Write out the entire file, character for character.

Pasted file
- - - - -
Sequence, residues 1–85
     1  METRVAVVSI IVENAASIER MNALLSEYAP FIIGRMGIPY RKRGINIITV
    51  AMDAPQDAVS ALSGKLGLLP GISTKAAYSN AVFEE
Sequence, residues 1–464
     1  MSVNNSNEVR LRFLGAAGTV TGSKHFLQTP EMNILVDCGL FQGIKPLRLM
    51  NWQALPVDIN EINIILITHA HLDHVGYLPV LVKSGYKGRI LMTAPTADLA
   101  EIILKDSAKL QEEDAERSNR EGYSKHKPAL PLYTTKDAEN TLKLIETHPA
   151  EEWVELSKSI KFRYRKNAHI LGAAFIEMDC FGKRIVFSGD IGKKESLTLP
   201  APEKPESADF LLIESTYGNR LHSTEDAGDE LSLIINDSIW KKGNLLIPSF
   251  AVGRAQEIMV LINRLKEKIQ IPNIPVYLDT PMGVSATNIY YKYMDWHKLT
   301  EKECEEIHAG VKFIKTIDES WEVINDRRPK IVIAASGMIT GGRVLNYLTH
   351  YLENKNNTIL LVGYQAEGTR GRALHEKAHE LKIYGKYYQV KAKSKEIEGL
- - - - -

Sequence, residues 1–85
     1  METRVAVVSI IVENAASIER MNALLSEYAP FIIGRMGIPY RKRGINIITV
    51  AMDAPQDAVS ALSGKLGLLP GISTKAAYSN AVFEE
Sequence, residues 1–464
     1  MSVNNSNEVR LRFLGAAGTV TGSKHFLQTP EMNILVDCGL FQGIKPLRLM
    51  NWQALPVDIN EINIILITHA HLDHVGYLPV LVKSGYKGRI LMTAPTADLA
   101  EIILKDSAKL QEEDAERSNR EGYSKHKPAL PLYTTKDAEN TLKLIETHPA
   151  EEWVELSKSI KFRYRKNAHI LGAAFIEMDC FGKRIVFSGD IGKKESLTLP
   201  APEKPESADF LLIESTYGNR LHSTEDAGDE LSLIINDSIW KKGNLLIPSF
   251  AVGRAQEIMV LINRLKEKIQ IPNIPVYLDT PMGVSATNIY YKYMDWHKLT
   301  EKECEEIHAG VKFIKTIDES WEVINDRRPK IVIAASGMIT GGRVLNYLTH
   351  YLENKNNTIL LVGYQAEGTR GRALHEKAHE LKIYGKYYQV KAKSKEIEGL